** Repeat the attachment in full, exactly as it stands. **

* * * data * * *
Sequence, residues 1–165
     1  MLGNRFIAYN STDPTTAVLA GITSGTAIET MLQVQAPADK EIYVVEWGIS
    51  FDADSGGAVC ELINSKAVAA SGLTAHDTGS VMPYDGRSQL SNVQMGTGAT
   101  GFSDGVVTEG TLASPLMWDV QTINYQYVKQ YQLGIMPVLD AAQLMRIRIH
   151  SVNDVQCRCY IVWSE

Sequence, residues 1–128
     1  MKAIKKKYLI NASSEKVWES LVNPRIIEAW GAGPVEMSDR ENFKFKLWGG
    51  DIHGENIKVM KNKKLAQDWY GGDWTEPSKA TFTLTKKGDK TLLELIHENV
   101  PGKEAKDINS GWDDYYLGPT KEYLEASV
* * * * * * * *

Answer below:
Sequence, residues 1–165
     1  MLGNRFIAYN STDPTTAVLA GITSGTAIET MLQVQAPADK EIYVVEWGIS
    51  FDADSGGAVC ELINSKAVAA SGLTAHDTGS VMPYDGRSQL SNVQMGTGAT
   101  GFSDGVVTEG TLASPLMWDV QTINYQYVKQ YQLGIMPVLD AAQLMRIRIH
   151  SVNDVQCRCY IVWSE

Sequence, residues 1–128
     1  MKAIKKKYLI NASSEKVWES LVNPRIIEAW GAGPVEMSDR ENFKFKLWGG
    51  DIHGENIKVM KNKKLAQDWY GGDWTEPSKA TFTLTKKGDK TLLELIHENV
   101  PGKEAKDINS GWDDYYLGPT KEYLEASV